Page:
Brett MacLean, Ben Maxwell, Antti Miettinen, Grant Clitsome,
James Wright, Mike Santorelli, and Keaton Ellerby. Those are the names of players
Cheveldayoff has acquired via the waiver wire, and now we get to the one who
wasn’t on that list.
Anthony Peluso is the only forward still with the Jets that
was plucked off the waiver wire.
Known for his feistiness and ability to pound bodies into
the boards, it seemed like Peluso was ready for an NHL role, and even out
performed veteran Chris Thorburn (who received the controversial 3-year contract extension) at times since his waiver claim. Peluso is one of the last
remaining bench warmers in the NHL, averaging around five minutes a night, but
as of right now, he still has an NHL contract.
The Jets claimed Peluso off waivers from the St. Louis Blues
after training camp before the lockout shortened season. Peluso had spent the
lockout playing for the Blues’ AHL affiliate in Peoria, scoring 5-6-11 in 36
games and proceeded to appear in five NHL games, adding two assists.
In the brief look he got, it was expected that Peluso would
be ready for full-time minutes in the NHL. At least Cheveldayoff thought so,
signing Peluso to a two-year contract.
The following season, Peluso played in 53 games, scoring two
goals and adding three assists while also dropping the gloves eight times with
a record of 5-3 according to HockeyFights.com
It’s expected that Peluso will make the big club again due
to his one-way contract, and the fact that he brings muscle to a team that lacks
that particular attribute.
(Does anybody else just love that old man on the left’s reaction to this hit (next to Orpik’s head??? Just beautiful seeing a man who watched hockey when it was more about blood and sweat than pretty little dangles!)
For a guy that plays under five minutes a night, little to
no offense is expected, and players of Peluso’s role have seen their gifts
become more diminished. The hockey goon is not an imminent need anymore, so
Peluso will either have to learn to become a hockey player (like Shawn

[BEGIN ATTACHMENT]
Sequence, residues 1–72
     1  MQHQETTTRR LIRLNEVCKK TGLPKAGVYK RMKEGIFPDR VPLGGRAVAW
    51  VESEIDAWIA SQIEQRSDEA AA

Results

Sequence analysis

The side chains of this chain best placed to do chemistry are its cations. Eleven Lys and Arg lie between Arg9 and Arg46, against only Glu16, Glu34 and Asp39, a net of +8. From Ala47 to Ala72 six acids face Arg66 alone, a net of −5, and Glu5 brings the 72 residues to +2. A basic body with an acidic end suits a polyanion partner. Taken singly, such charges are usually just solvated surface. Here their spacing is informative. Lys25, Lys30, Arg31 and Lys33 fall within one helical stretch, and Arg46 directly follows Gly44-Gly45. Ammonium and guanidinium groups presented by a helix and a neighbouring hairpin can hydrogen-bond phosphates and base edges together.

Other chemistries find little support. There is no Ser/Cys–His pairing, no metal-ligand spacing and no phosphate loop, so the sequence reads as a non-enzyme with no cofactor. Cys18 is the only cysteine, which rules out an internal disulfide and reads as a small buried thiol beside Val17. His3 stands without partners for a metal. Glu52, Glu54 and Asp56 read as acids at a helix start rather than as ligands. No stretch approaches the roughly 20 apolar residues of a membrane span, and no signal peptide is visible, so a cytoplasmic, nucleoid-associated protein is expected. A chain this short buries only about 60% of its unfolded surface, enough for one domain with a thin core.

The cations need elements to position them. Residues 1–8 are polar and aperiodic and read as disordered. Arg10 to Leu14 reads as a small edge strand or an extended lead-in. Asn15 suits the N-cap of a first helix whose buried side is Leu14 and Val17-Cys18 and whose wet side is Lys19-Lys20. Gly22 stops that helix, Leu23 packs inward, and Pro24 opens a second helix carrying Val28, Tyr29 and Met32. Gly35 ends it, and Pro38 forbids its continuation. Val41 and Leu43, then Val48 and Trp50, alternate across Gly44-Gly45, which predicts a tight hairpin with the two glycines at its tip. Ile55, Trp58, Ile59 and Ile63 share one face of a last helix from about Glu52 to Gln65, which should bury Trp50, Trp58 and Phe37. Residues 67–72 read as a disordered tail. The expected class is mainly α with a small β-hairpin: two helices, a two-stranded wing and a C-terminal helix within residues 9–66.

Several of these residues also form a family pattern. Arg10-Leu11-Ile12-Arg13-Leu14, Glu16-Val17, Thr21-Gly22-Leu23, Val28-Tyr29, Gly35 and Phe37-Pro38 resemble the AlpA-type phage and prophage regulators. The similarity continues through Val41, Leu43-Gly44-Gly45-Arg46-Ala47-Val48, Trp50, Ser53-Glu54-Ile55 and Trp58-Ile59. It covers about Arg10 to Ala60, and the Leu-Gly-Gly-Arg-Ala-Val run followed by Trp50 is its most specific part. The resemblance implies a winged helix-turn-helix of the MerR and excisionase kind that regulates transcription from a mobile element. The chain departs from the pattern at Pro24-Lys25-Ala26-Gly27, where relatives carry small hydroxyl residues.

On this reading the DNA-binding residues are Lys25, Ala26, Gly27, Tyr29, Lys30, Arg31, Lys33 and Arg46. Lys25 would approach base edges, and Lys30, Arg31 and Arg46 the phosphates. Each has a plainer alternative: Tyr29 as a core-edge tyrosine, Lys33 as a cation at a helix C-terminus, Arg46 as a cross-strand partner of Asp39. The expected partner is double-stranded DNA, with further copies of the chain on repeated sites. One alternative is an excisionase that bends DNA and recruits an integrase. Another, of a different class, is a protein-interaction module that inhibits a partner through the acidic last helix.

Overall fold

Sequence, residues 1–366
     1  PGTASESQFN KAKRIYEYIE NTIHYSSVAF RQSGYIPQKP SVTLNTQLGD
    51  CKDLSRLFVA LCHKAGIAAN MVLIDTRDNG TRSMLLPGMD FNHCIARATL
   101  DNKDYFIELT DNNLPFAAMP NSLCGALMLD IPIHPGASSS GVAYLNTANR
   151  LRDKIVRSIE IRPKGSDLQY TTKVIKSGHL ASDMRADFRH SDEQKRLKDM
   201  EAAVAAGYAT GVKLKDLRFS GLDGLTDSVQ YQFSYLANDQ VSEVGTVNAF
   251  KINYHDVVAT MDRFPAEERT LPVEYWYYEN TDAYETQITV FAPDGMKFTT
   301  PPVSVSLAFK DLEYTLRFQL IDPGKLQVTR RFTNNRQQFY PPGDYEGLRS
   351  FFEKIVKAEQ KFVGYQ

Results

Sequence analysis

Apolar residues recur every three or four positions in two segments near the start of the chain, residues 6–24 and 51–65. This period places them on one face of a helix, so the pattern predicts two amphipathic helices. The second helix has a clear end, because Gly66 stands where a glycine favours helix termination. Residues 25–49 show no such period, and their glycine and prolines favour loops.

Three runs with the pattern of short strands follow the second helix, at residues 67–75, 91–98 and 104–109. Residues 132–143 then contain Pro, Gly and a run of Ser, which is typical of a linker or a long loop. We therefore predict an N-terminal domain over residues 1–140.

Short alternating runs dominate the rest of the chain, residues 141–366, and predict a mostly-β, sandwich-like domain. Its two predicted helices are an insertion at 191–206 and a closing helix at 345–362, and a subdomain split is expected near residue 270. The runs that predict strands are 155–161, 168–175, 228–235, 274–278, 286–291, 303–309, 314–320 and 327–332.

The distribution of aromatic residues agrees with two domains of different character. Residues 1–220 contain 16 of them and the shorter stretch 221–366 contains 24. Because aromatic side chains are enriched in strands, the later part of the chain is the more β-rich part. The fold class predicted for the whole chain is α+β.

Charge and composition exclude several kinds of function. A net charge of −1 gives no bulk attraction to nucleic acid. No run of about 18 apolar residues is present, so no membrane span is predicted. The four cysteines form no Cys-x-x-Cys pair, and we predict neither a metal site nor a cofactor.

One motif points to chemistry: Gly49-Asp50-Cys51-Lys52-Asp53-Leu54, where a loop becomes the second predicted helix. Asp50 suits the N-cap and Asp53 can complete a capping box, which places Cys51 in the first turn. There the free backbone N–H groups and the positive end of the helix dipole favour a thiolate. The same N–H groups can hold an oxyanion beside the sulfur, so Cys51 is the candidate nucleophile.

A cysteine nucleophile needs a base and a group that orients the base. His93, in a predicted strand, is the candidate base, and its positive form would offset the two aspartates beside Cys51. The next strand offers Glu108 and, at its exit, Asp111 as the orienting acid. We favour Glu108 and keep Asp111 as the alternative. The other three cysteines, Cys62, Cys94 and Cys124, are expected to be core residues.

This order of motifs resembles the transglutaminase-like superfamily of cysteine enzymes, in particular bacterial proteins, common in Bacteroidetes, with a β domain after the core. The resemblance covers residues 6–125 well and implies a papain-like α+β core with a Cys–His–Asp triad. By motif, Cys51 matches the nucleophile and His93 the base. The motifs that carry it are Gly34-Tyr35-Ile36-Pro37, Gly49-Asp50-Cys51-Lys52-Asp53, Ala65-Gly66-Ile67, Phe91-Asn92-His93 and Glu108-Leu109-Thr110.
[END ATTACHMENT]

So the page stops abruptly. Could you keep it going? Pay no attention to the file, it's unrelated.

Thornton) or become a better fighter (like Luke Gazdic) to stay in the NHL
after his contract is up.
Contract years bring out motivation in players, and Peluso
was given his chance, and extended by the current GM who seems to have tenure
in his job security. That bodes well for the player.
Don’t expect Peluso to reach double digits in points
however. If he can make a big hit here, win a big fight there, and chip in
five goals, Chevy will likely sign him to a four year extension….Am I right??
(HEAVY VIOLENCE AND LANGUAGE IN THE ABOVE VIDEO)
Is the goon role gone from hockey?
This isn’t necessarily player related, but
it’s an answer that will determine if Peluso can be an NHLer. I may tackle this
issue in its own article entirely, but right now, it seems like the Peluso’s of
the world will be taking their talents elsewhere really soon. I hear Ben Eager is gonna be welcomed nicely in Russia!
Why was Peluso claimed in the first place?
The reason this article began with a list
of waiver claims is to show that Chevy seems to like taking chances. I can
understand looking at a guy like Brett MacLean who was a terrific scorer injunior and produced decent enough in the AHL to get a shot, but why a tough guy
who can’t score much in the minors? It’s obvious Cheveldayoff wanted some grit,
but I’m sure he could have forked over a 6th round pick to get a
Paul Bissonette or Brian McGrattan….
How did I manage this many words on Anthony
These player previews can be a bit of a
challenge when discussing players who don’t make many headlines. I’m really
enjoying learning the Jets players a little more, but you may be able to tell I’m
writing this on a Sunday night that saw my day get wasted taking care of a
week’s worth of daily tasks. I hate working 10-hour night shifts in my real job…But hey, if you guys keep reading I may finally get to move on….haha.